Pritzker touts increased focus on access to college, job training in proposed state budget
Gov. JB Pritzker says Illinois needs to prioritize improving access to higher education and job training, and programs in his proposed state budget for the 2023 fiscal year will help accomplish that goal.
“When state government creates policies that really open doors for our residents, that's the kind of investment that we want to double down on, especially as we shape our pandemic recovery,” Pritzker said Tuesday during an appearance at Illinois Central College’s Peoria campus.
Hoping to mirror the success of the state’s Workforce Equity Initiative for students at ICC and other community colleges, Pritzker advocated for a proposed $25 million Pipeline for the Advancement of Healthcare Workers (PATH) program to recruit and train students for careers in the medical field and related industries.
“Participants will be able to get an industry-recognized credential or community college certificate in the shortest possible amount of time, while enhancing their eligibility for employment as nurses and certified nursing assistants, respiratory therapists, emergency medical technicians, and other high-demand positions,” he said.
Appearing alongside Peoria Mayor Rita Ali, State Sen. Dave Koehler, and State Rep. Jehan Gordon-Booth, Pritzker also touted a $2 million increase to the state’s nursing education scholarship program, doubling the funding for nurse educator fellowships and competitive grants, and eliminating licensing fees for 470,000 nurses, physicians, social workers, and other health care professionals.
“We're creating opportunities in underserved communities for Illinois residents to build great careers,” he said. “Health care, manufacturing, business, law - no matter what profession they head toward, a great system of higher education has to be supported and affordable for our state's residents.”
Ali said the increased focus on higher education “comes at just the right time and just the right place.”
“Contrary to what some may think, the Peoria area does not have a workforce ‘people’ shortage. It does not,” said Ali. “We have a workforce ‘skills’ shortage. These new opportunities will enable us to take many people that we already have in our community and give them the skills that they need to fulfill all the jobs that we have available now and in the coming future.”
Pritzker said the Workforce Equity Initiative (WEI) has enrolled more than 5,000 students across 100 in-demand career training programs at community colleges across the state since the program’s inception. Danielle Pate, a WEI product and graduate of ICC’s Licensed Practical Nursing program, said she greatly benefited from the opportunity.
“It was definitely a blessing to be able to focus mainly on school and receive any assistance that I needed at the time, whether it's just maybe putting gas in the car or receiving stipends to go towards paying any bills,” said Pate. “They’re just a safe haven and they walk you through it. Yes, we have to put in the work and it’s a tough program, but if you apply yourself you can definitely get it done.”
Gordon-Booth said programs like WEI help to eliminate inequities in higher education while working to match career training programs with employment opportunities in the marketplace.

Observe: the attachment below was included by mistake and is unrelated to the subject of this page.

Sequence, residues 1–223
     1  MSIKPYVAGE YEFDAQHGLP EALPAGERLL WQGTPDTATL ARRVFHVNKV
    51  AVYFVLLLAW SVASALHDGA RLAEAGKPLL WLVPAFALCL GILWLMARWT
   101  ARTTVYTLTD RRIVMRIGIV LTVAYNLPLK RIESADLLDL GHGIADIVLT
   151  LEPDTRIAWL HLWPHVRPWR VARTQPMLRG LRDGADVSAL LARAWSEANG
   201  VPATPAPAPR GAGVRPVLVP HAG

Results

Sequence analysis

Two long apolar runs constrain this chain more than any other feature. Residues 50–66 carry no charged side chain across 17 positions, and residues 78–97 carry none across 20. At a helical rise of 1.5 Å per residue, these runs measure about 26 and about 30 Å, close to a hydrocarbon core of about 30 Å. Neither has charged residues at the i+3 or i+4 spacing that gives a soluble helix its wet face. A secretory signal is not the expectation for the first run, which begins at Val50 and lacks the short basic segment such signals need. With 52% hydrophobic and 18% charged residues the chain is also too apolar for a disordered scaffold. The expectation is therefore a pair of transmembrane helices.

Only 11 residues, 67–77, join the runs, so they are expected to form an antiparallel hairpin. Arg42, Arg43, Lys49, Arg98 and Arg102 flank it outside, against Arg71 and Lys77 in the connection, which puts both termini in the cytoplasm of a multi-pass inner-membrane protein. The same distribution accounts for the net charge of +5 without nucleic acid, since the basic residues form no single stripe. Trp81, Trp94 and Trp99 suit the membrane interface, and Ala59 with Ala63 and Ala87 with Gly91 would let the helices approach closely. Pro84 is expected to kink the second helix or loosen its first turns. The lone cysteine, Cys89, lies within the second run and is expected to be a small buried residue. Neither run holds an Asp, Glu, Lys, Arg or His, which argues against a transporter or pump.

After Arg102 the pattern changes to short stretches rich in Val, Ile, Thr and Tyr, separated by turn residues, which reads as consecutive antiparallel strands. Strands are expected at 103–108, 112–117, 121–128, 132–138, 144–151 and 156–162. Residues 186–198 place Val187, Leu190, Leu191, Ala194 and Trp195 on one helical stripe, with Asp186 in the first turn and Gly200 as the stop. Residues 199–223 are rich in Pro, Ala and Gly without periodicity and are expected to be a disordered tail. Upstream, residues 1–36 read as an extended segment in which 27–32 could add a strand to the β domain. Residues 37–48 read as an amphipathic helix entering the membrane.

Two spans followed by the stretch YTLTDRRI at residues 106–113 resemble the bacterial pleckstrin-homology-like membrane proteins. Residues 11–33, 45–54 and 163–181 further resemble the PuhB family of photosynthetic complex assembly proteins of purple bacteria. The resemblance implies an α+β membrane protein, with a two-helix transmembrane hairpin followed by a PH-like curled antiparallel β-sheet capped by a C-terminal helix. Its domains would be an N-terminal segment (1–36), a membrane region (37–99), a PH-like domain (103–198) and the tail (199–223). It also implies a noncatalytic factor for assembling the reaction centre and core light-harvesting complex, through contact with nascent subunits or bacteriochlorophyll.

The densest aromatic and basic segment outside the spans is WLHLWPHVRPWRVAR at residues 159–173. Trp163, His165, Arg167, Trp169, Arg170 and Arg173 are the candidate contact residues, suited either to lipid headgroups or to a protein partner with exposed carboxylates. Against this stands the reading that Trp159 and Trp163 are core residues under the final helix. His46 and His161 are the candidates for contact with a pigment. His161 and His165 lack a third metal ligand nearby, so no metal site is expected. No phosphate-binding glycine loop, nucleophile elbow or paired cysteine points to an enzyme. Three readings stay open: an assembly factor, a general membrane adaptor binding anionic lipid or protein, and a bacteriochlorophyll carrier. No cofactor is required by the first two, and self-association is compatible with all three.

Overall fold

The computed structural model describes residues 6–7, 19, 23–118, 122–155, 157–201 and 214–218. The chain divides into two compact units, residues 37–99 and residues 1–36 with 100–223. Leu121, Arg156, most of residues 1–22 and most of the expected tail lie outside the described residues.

“The community college system is uniquely positioned to meet those workforce needs of the 21st century in a way that, frankly, no other organization in our community has the capacity to do,” she said.
Koehler, who co-chairs the Commission on Government Forecasting and Accountability, called Pritzker’s proposed budget “nothing short of a miracle” and praised the increased attention to college affordability and access to job training.
“We're making investments in what are the priorities for the people of the state: education. We are expanding the educational budget because that's what we have to do if we're going to ever have the future that we want,” he said.
Pritzker pushed back against criticism that increased state spending and higher taxes are driving residents out of Illinois, directing blame toward the preceding administration of former Republican Gov. Bruce Rauner.
“What drives people out of a state is instability, and that's what we had before I became governor we had two years without a budget,” Pritzker said. “State government was hollowed out. Programs — like programs that support students who want to go to ICC — were decimated. The investments in our institutions (were) taken away.
“Over the last three years, we balanced the budget. Now, we have a surplus for the first time in 25 years, and we're being very responsible about how we're utilizing that surplus — both to get people into school, to make sure that we're upgrading our educational institutions, but also to pay the bills that were left behind from that budget impasse.”
Pritzker said he understands residents' concerns about their personal expenses with inflation at a 40-year high and hopes it won't have a “deleterious effect” on the state's economy.
“Global inflation is a challenge for everyone. Here in Illinois, our obligation is to try to help people deal with that, and so that's why I introduced $1 billion of tax cuts that will go right into the pockets of consumers, whether it's cutting the grocery tax, cutting property taxes, freezing the gas tax,” he said. “These are all things that I think help in a variety of ways for families across the state.
“We need to do more whenever we can, and we're only able to do this, by the way, because we balanced the budget, because we have a surplus. We need to stay on that fiscal discipline path so that we can do these kinds of things to alleviate the burden of inflation.”